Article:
/> At last, I am part of a minority group.
New census figures analyzed by The New York Times reveal that married
couples are a minority in America. As a once and long-married white male, I
never expected to be a minority. There are no protest songs for people in my
group. "We Shall Overcome" is taken and "married man's rights" lacks the
resonance of "out and proud."
Part of the devolution of marriage to minority status is the fault of the
media. Look at who they feature on magazine covers, tabloid TV and awards
shows: the cohabiting without benefit of clergy, same-sex "couples,"
fornicating couples who flaunt their "lifestyles" and dare anyone to tell
them to stop. The STDs that come from these "lifestyles" are not the fault
of those who engage in the sort of behavior that puts them at risk. Rather,
Republicans are to blame for spending too little on "cures" so the
promiscuous can continue practicing their "lifestyles" without fear of
disease. TV commercials for drugs that treat genital herpes now run close to
erectile dysfunction ads without irony.
This decline into minority status for people like me is also partly the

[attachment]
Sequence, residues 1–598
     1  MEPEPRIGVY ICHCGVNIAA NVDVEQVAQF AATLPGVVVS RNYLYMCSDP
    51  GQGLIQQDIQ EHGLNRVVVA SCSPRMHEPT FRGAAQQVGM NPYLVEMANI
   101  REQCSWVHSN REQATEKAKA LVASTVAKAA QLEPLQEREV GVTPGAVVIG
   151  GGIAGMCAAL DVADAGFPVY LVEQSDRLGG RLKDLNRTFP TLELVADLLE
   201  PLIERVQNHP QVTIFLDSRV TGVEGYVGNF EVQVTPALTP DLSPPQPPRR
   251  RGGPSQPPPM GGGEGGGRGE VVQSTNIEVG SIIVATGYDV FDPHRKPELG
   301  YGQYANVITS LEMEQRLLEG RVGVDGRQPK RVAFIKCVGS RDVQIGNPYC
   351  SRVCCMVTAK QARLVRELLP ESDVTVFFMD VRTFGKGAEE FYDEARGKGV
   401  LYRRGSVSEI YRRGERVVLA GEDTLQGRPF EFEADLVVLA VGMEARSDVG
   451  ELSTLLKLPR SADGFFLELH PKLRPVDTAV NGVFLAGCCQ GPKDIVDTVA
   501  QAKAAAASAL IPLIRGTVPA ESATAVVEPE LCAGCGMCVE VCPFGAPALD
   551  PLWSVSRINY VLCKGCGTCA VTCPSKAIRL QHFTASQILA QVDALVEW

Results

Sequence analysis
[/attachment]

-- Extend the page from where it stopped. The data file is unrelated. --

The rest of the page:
fault of people like me. My generation has been obsessed with making money
and acquiring things in place of investing necessary time on marriage and
children. The message the kids get is that if marriage is mostly about
accumulating wealth and acquiring stuff, they can do that without getting
Family trees are beginning to resemble kudzu and if people are having fewer
children (The United States birth rate is at an all-time low, according to
the Centers for Disease Control and Prevention, and we are barely having
enough children to replace those who die), this has profound implications
for domestic and international policies. For example, Hispanic and Muslim
couples have more children than others in America. And one-third of all new
births in the United States are to unmarried women.